Monday, February 23, 2009

Winter Must-Reads

Lately, we've had lots of time to read because winter has lost, shall we say, a touch of its thrill. Of course, we do enjoy our outside time around here, but now in these waning days of February, with the snowpants mostly covered in mud (but unable to be abandoned on account of the remaining snow), we spend less time out, and more time in, 'recovering' in front of the fire with good books, hot cocoa and popcorn.

Kids' favorites include a variety of chapter books, especially Jack and Annie in The Magic Tree House series, Wishbone the Dog in an adventure about Beowulf, and The Artemis Fowl series, adventurous and funny books about an Irish boy and his obsession with faeries.

Luke and Owen devour graphic novels by the bagful since our library gave this genre its own shelf a few months ago; graphic versions of The Legend of Sleepy Hollow, Shrek, the Incredibles, and the Star Wars Clone Wars series top their lists right now.

When they want more than a book, but not quite a full-blown unit study, we pull out the Lithgow Paloozas Boredom Blasters, kits with great ideas that children ages 5(-ish) and up can do mostly themselves, and that younger kids enjoy at their own level, too. I first blogged about the Boredom Blasters back last February, when we visited my folks in the Rocky Mountains, and they continue to thrill us all now. Thank you, John Lithgow!

I'm learning about randomness and probability in a great, readable book by Leonard Mlodinow, The Drunkard's Walk. I say readable because, while I'm not a big math person and therefore not a likely candidate to comprehend probability-speak, Mlodinow makes the concepts of probability understandable and - more importantly, I think - pertinent to my life. I have laughed out loud while reading this book, reason enough to endorse it, but I learn as well while I read.

The books that have obsessed me most this winter, though, at least until I finished the fourth in the series and must now wait until the author publishes the next, are those in the 'Percy Jackson and the Olympians' series; the first is called The Lightning Thief. These books, about modern day teenage demi-gods, have taught me almost as much about Greek mythology as Luke knows from reading the myths themselves. Author Rick Riordan brings the gods to light, for anyone interested in Greek mythology, but even if you're not they are just great, light reading.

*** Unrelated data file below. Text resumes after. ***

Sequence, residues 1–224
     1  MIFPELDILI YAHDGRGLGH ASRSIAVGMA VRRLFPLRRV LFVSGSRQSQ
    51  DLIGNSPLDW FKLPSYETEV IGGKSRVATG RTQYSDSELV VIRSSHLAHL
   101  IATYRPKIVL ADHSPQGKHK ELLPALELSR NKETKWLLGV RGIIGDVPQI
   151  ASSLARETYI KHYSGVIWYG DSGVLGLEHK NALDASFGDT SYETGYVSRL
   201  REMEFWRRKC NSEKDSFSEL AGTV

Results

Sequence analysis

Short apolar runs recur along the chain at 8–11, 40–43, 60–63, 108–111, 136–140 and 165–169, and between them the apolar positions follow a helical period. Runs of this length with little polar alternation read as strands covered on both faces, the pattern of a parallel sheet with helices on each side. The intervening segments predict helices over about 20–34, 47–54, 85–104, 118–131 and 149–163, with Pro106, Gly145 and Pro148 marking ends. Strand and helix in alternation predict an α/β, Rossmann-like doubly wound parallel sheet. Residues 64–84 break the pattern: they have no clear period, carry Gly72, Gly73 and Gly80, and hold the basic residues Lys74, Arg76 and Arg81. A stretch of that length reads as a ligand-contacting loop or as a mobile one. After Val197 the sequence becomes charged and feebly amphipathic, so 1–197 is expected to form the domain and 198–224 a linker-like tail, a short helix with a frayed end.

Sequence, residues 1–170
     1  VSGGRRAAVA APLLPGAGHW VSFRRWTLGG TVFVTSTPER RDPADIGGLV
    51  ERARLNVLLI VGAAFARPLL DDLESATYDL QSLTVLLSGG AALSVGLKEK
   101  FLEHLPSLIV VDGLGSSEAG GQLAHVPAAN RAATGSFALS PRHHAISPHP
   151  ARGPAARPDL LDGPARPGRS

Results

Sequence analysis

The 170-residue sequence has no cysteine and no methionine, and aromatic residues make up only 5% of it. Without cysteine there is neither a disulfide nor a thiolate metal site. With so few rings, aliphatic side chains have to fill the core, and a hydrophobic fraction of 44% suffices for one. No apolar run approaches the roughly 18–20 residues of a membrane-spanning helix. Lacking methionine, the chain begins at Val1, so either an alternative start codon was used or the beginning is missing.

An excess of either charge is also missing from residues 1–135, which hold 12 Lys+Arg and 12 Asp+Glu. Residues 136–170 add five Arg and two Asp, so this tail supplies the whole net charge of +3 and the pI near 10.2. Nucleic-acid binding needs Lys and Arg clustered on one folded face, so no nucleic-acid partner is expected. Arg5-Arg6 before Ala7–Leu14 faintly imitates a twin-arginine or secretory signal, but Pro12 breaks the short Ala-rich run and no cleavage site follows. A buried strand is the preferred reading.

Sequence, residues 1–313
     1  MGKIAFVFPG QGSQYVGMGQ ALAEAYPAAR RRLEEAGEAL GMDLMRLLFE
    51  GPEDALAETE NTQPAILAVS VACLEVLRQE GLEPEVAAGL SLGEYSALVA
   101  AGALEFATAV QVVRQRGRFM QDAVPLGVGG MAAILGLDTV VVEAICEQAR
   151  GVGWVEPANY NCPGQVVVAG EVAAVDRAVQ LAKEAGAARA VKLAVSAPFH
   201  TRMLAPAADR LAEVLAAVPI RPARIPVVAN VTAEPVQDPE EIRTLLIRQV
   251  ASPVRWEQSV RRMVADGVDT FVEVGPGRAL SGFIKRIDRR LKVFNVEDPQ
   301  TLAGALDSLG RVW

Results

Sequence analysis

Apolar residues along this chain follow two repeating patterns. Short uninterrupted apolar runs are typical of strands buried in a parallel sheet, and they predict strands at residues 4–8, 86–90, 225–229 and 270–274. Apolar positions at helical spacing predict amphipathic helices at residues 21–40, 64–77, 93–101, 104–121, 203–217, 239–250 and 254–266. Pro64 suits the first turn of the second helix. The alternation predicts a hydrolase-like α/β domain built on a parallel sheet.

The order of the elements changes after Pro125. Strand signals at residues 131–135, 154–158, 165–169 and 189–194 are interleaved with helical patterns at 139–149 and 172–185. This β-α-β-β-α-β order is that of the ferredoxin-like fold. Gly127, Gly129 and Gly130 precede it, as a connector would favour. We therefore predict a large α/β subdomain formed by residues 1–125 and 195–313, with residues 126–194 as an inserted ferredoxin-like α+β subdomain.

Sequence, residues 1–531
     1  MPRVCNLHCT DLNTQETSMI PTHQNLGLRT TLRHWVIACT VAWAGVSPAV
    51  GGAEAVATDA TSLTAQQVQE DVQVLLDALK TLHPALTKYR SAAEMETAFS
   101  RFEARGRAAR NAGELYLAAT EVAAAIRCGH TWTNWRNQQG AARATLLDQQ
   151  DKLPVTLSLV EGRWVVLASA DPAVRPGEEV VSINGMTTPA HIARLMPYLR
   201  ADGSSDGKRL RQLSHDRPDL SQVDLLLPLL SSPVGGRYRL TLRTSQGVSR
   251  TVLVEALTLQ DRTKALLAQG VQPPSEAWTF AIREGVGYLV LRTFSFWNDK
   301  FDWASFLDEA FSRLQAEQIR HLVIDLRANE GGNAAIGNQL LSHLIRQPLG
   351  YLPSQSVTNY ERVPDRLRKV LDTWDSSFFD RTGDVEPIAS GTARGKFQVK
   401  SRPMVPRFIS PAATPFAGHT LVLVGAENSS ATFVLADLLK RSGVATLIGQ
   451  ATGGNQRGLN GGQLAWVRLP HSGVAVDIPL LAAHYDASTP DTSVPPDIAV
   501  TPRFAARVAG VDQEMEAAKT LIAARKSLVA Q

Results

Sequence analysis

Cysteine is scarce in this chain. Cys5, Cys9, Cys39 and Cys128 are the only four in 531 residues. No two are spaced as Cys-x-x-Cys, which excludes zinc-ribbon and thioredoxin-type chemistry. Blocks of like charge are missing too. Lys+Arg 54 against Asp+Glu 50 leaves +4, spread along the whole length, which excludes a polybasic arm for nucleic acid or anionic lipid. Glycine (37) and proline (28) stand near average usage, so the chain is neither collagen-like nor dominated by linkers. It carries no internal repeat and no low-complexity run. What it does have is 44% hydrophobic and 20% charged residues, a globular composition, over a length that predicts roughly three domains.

So, these are the books that we've been obsessed with this winter; any books you can't put down? Tell me about them, and happy reading!


Melissa R said...

A few series that my six year old son has been enjoying:
Joe Sherlock
Horace Splattley
Jigsaw Jones
Magic School Bus Chapter Books
Franny K Stein
Black Lagoon Adventures
Captain Underpants
Ricky Ricotta
And old copies of Choose Your Own Adventure Books

The Stone Age Techie said...

Ohhh, I loved Choose-Your-Own Adventures when I was a kid! Thank you for the suggestions, I can't wait to get reading with my boys...

jayne said...

I came across your request for book suggestions through LEAF. You mention the children are aged 6 - 10 years. And I have to suggest the "Little Tim" series beginning with "Little Tim and the Brave Sea Captain" by Edward Ardizzone. I and my son were captivated and beguiled by the little adventure stories and the illustrations are works of art.

Also, you mention graphic novels, so I don't know whether your little ones have already been reading the "Tin Tin" books by Herge?

My son is now 14 and we still talk about the joy we took in reading together when he was small.

The Stone Age Techie said...

Jayne, we just got our first TinTin book out of the library a few weeks ago, and both boys LOVE it. But the coolest thing is watching my husband read it, because he read those books as a boy - he is transported back to his own childhood just by opening the book, and it's obvious how much he loved them then.

We'll get some of the Little Tim ones from the library, thanks for suggesting it :-)

Adele said...

On the read aloud side of book recommendations I have to suggest The Last of the Really Great Whangdoodles by Julie Andrews Edwards. . . simply wonderful story with morality questions, play on words, vivid descriptions. We also pick up Bill Pete books for good stories with great illustrations.
On the adult side of things I am reading a graphic Novel series "Y: the Last Man" and it is very interesting for some light reading. I also picked up Tess of the D’Urbervilles by Tomas Hardy for the curl up on the couch with a good Victorian novel kind of days.
Enjoy reading,